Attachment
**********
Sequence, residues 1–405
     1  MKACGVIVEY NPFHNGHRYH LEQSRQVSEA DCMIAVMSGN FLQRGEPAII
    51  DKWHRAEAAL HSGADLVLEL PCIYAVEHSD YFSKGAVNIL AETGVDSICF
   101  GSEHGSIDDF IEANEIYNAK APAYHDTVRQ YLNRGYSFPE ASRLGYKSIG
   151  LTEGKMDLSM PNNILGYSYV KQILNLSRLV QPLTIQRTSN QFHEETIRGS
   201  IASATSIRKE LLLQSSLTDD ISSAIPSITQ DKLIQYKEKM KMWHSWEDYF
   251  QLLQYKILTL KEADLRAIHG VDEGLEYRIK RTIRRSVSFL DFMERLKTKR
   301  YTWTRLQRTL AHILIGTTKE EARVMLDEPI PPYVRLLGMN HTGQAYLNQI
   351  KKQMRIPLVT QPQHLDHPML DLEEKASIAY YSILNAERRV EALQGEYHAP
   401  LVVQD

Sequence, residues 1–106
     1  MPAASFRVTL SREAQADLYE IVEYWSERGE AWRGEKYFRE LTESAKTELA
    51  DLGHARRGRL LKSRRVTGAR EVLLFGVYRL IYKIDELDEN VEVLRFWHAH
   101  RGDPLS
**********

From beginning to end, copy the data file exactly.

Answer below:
Sequence, residues 1–405
     1  MKACGVIVEY NPFHNGHRYH LEQSRQVSEA DCMIAVMSGN FLQRGEPAII
    51  DKWHRAEAAL HSGADLVLEL PCIYAVEHSD YFSKGAVNIL AETGVDSICF
   101  GSEHGSIDDF IEANEIYNAK APAYHDTVRQ YLNRGYSFPE ASRLGYKSIG
   151  LTEGKMDLSM PNNILGYSYV KQILNLSRLV QPLTIQRTSN QFHEETIRGS
   201  IASATSIRKE LLLQSSLTDD ISSAIPSITQ DKLIQYKEKM KMWHSWEDYF
   251  QLLQYKILTL KEADLRAIHG VDEGLEYRIK RTIRRSVSFL DFMERLKTKR
   301  YTWTRLQRTL AHILIGTTKE EARVMLDEPI PPYVRLLGMN HTGQAYLNQI
   351  KKQMRIPLVT QPQHLDHPML DLEEKASIAY YSILNAERRV EALQGEYHAP
   401  LVVQD

Sequence, residues 1–106
     1  MPAASFRVTL SREAQADLYE IVEYWSERGE AWRGEKYFRE LTESAKTELA
    51  DLGHARRGRL LKSRRVTGAR EVLLFGVYRL IYKIDELDEN VEVLRFWHAH
   101  RGDPLS